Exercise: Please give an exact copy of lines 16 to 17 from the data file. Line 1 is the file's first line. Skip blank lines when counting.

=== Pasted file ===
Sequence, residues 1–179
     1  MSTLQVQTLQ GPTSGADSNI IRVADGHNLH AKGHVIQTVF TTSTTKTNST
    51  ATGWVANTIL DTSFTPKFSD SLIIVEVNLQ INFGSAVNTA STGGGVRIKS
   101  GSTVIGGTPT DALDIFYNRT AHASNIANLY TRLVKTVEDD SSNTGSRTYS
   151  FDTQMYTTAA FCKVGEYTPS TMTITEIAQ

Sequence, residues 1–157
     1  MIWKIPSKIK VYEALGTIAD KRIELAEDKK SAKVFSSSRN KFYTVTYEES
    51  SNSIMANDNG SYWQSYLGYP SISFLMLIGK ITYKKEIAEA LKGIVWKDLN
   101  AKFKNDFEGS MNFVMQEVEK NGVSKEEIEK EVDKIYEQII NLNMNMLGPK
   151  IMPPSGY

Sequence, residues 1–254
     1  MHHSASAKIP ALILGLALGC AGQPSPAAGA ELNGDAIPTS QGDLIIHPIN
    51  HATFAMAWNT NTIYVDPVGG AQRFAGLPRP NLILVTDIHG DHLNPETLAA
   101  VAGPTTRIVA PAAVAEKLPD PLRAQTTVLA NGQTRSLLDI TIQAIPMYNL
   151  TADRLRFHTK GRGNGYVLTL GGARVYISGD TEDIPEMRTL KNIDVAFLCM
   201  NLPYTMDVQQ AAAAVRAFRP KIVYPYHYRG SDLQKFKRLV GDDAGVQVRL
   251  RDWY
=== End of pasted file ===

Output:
   201  NLPYTMDVQQ AAAAVRAFRP KIVYPYHYRG SDLQKFKRLV GDDAGVQVRL
   251  RDWY